It’s Memorial Day today in the U.S.A.. We remember those who lost their lives serving America. I read Jim Gilbreath’s post on Facebook, and it got to me. He shared with us memories of two wonderful young men, lost in battle. It got me to thinking of the so many young men and women I taught and got to know in New York City and in Pittsburgh. Have any fallen in battle, in service of their country? My artillery unit (155mm towed) was not sent to Nam . . .

It got me to thinking about how amazing! the United States is, and now I am pleased that you gaze at this little butterfly, the Silver-Spotted Skipper butterfly. It is an all American butterfly, and it flies somewhere in your state, all year in Florida, and from April to October, depending where you are. It is an energetic, spirited butterfly, not flashy, no show-off, kind of much like our men and women in service.

Where did we meet? It was totally absorbed in sipping the nectar being pumped by this Liatris plant, at Cloudland Canyon State Park in the northwestern Georgia mountains. The Liatris in our new 800 garden will be opening in some 2-3 weeks from now, or so.

If Uncle Sam had sent my Howitzer battalion to Viet Nam in 1968 . . . how many times have I thought of that? Me a 1st Lieutenant, the kid from Brooklyn, our cannon sending rounds up to 35 miles . . . Not much time for admiring butterflies from another world . . .

Jeff

NB, And Cathy’s Billy, lost serving our country . . .

 

26 Months of Waiting For the USA’s Butterfly Cogniscenti Is Enough, No?

Erato heliconian butterfly (Dorsal view) photographed by Jeff Zablow at the National Butterfly Center, Mission, TX

On March 22, 2018 we posted this image, the post’s title was Erato Heliconian at the National Butterfly Center in Mission Texas. There we described, with much gusto! my excitement when I met this rare butterfly.

I told of how I watched the Erato fly away, fly in a straight line, as a projectile might, not rising or descending, for what I gauge was no less than 150 feet or more beyond where I stood. I saw something that triggered my knowledge of butterfly flight.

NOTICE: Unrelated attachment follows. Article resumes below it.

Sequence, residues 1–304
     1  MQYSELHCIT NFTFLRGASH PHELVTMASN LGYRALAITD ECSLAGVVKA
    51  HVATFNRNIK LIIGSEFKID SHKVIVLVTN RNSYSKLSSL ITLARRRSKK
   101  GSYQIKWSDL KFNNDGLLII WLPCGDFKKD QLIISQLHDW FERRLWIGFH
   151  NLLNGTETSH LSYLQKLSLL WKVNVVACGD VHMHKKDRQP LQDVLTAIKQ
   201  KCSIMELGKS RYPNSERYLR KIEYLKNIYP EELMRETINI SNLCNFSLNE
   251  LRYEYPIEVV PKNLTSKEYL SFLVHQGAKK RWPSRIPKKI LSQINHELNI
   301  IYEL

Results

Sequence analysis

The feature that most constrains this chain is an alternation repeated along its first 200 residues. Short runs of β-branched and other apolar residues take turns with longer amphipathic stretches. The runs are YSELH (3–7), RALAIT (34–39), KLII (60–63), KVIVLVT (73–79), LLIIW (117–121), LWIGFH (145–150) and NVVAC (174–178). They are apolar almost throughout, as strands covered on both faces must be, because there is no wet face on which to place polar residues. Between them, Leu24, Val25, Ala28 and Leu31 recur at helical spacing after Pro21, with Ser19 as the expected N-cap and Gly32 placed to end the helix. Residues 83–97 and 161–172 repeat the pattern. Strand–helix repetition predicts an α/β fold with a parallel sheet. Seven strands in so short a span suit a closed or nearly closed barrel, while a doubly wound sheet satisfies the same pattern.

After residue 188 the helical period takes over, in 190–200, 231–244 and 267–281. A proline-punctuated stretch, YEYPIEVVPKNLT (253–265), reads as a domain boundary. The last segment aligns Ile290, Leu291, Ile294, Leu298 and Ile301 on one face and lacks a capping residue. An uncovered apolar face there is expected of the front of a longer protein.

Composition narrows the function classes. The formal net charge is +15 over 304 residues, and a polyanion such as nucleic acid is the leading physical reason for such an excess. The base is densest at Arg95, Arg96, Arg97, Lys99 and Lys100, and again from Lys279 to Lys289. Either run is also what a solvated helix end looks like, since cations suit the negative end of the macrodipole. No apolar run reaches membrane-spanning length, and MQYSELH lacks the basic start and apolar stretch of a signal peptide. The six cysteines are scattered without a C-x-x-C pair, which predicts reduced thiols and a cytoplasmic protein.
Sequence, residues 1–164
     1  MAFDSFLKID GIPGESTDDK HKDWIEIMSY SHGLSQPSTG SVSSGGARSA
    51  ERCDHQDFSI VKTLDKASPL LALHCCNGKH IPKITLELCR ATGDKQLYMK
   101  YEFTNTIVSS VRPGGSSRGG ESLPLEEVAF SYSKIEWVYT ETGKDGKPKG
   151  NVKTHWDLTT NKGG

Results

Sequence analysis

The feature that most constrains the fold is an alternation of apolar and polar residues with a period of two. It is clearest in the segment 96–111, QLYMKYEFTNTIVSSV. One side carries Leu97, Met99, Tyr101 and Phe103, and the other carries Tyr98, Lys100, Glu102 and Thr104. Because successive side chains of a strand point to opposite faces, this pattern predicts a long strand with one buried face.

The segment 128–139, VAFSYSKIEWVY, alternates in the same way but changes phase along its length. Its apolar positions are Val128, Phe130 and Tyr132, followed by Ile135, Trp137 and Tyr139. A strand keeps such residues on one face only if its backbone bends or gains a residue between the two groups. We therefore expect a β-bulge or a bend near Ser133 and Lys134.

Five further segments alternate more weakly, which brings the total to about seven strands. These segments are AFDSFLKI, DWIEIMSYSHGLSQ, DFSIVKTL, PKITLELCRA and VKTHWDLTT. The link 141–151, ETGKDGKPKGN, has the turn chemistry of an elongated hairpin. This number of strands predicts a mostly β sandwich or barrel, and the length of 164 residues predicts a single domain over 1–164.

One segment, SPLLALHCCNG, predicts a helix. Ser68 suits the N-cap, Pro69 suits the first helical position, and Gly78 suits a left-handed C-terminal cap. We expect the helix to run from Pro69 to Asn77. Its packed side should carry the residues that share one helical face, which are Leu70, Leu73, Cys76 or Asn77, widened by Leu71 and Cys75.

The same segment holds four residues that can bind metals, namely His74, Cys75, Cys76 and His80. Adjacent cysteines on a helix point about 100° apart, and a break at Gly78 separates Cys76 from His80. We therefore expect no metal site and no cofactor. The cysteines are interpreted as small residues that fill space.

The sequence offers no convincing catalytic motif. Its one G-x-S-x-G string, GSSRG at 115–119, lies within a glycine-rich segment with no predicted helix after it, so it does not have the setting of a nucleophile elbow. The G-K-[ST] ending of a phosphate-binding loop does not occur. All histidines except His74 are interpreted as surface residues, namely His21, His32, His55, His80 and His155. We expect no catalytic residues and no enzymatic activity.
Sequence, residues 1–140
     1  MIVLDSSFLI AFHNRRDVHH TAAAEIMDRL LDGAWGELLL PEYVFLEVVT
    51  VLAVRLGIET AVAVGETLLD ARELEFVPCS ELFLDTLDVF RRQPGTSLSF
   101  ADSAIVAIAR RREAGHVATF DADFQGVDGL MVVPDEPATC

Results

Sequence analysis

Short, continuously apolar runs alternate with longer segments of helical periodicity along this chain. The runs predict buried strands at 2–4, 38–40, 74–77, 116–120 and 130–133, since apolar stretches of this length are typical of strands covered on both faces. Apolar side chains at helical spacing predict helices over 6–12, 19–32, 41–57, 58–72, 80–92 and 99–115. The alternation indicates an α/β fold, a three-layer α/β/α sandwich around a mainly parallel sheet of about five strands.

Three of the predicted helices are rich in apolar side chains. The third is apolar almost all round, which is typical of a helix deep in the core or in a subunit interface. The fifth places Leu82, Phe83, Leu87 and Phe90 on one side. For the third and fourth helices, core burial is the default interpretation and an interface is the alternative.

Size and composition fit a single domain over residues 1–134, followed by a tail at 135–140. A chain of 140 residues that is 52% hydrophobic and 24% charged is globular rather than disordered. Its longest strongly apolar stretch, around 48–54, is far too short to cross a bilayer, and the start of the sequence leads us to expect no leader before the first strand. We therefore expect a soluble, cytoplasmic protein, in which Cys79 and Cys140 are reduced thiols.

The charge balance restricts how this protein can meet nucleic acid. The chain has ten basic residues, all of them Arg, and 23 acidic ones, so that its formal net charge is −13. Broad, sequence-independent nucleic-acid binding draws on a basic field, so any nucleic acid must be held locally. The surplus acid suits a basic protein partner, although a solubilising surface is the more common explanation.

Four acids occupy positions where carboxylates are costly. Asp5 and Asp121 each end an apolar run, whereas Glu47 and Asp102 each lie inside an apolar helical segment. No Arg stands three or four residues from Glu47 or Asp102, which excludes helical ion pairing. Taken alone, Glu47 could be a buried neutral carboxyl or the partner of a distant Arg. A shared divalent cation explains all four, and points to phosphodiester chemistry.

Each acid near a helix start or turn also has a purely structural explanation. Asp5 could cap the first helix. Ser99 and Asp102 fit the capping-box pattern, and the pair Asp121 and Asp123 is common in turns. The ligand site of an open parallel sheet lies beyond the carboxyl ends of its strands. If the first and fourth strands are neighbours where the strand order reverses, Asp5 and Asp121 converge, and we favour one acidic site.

That Erato’s bright red flashes were visible 100% of the time I observed it fly. It was as if the Erato had ultra bright red lights on its wings. My conclusion was that that non-stop display of bright, rich red must be an adaptation that broadcast to predators: Stay away, for I am highly toxic. To this day I am told that I walk with a certain how do you call it, going way back to my growing up on the streets of Brooklyn, that a message that it’s best to leave this kid alone, and enjoy your . . . teeth for another day. It worked for me, and I suspected it works for this Erato Heliconian butterfly.

I posed this question to all, and 26 months later, I can admit that I’m beyond disappointed at the leaders of NABA, the Xerces, The Audubon folks. Hey, the USA has what, 3 blogs or so that chronicle our butterflies, wingedbeauty.com is probably the longest published, some 10 years now I think.

We all want to conserve our Butterflies, expand habitat, protect vital habitat, and increase the home planting of hostplants by a gazillion percent. Why don’t those who profess to be at the forefront of this good work have the . . . (I need a good word) . . . to support any and all who seek to also do so.

Yes, I no longer am a member of Xerces and now am no longer making good-sized contributions to the North American Butterfly Association. Such clubbiness is often counter-productive.

Jeff

NB, I continue to await your opinions . . .